Patent Reform and Our Innovation Economy
Jonathan Ortmans, President, Public Forum Institute
Momentum for a comprehensive patent reform has been slowly building in Congress. Last week, the House Judiciary Committee began examining a patent bill introduced in March by Judiciary Chairman John Conyers (D-MI) and ranking member Lamar Smith (R-TX). In the Senate, Leahy (D-VT) recently cut a deal to soften damages language in last year’s failed Senate bill. Most are eager to see reform. The rules, protections, and the adjudication process surrounding IP requires constant adjustments to keep up with challenges of the digital revolution. However, as new policy is considered, I hope policy makers contemplate the effects of patent legislation on our future job creators.
The existing system contains deficiencies that are worrisome from the perspective of entrepreneurship. While patents for new inventions provide a strong incentive for people to both create and publicize their intellectual property, patent laws are increasingly cumbersome. In many cases, innovation is being hindered by overly broad and strong decrees. Since 1982, courts have allowed for much stronger patents. Yet, stricter IP does not necessarily produce more innovation. It can actually discourage entrepreneurs from introducing new ideas to fields where incumbents have patent protection and resources to pursue litigation for infringement. Incumbents’ patents may be of dubious merit or may be accumulated to shelter older IP from competition. In this regard, it is important to remember that firms with less than 500 employees produce 13 times more patents per employee than larger firms.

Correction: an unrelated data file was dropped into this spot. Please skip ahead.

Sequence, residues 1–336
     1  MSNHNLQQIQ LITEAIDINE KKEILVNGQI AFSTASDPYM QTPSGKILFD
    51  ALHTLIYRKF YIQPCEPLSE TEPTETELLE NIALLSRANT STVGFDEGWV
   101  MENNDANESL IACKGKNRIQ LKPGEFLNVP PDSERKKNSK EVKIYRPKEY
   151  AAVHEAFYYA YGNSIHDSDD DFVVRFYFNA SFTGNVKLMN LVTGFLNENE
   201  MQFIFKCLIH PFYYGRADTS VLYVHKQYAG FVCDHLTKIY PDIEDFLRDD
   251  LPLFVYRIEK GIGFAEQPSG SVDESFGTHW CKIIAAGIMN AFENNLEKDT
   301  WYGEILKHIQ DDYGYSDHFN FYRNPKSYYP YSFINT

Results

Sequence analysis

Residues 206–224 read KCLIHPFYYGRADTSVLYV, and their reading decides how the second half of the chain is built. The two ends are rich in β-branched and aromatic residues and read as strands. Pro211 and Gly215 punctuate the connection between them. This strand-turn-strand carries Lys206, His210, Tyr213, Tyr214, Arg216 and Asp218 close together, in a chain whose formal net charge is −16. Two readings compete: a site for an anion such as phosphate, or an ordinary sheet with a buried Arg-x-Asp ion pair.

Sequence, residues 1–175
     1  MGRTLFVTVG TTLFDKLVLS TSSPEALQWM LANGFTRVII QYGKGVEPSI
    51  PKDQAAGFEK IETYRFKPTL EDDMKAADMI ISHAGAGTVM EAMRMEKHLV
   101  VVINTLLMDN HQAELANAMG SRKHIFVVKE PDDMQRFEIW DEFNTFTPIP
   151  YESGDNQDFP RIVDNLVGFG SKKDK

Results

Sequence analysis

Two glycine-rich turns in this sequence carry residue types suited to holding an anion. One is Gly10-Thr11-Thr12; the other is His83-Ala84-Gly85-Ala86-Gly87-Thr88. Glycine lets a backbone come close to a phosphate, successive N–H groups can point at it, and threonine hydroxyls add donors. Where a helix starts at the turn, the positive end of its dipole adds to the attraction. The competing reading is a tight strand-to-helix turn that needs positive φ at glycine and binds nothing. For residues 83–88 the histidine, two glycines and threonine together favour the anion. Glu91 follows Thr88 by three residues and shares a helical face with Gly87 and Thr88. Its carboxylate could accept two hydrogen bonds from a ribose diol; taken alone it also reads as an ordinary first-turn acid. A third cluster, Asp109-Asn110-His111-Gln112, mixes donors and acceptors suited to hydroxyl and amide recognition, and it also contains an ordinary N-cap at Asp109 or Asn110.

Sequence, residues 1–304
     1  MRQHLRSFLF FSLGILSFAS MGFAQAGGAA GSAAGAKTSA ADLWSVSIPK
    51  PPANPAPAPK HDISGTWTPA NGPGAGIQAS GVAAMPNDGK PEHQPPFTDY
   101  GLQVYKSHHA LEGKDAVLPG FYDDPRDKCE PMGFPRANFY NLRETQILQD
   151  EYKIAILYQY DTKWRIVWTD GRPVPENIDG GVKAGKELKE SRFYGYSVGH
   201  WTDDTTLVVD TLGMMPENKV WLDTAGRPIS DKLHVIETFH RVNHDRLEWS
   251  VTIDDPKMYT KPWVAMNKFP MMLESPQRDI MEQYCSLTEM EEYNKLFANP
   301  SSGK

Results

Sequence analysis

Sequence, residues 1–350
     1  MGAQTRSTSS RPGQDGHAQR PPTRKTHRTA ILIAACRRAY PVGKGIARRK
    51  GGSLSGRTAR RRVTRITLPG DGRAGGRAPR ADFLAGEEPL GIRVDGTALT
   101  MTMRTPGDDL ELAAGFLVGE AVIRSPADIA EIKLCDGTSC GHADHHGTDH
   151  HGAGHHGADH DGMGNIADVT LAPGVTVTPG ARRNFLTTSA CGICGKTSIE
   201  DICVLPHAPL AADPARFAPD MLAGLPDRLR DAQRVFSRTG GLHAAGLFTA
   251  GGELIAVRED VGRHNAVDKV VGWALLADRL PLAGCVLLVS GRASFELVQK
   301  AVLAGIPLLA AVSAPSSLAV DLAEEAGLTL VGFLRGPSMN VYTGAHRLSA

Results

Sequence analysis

Moreover, the U.S. Patent and Trademark Office is currently overburdened. Wait times have increased dramatically and we are seeing a low invention standard in awarding patents. This in turn translates into non-deserving patents driving expensive litigation due to the legal presumption of validity. America clearly needs to develop a more cost-effective post-grant review procedure for patents to help weed out non-deserving patents before they are misused by their applicants
The creation of new ideas is essential to a growing economy, and it happens that small, new firms have been the drivers of radical innovations. This is why PDE has laid out thoughts in a factsheet that I hope will guide policymakers as they consider reforms. In this document, two principles for patent reform are suggested: (1) patents should only be provided for truly non-obvious inventions; and (2) consistent with the first objective, the procedures for contesting patents should entail minimum cost. I think all Americans wants to make make sure that our laws do not end up inhibiting innovation and growth rather than encouraging it by protecting its authors.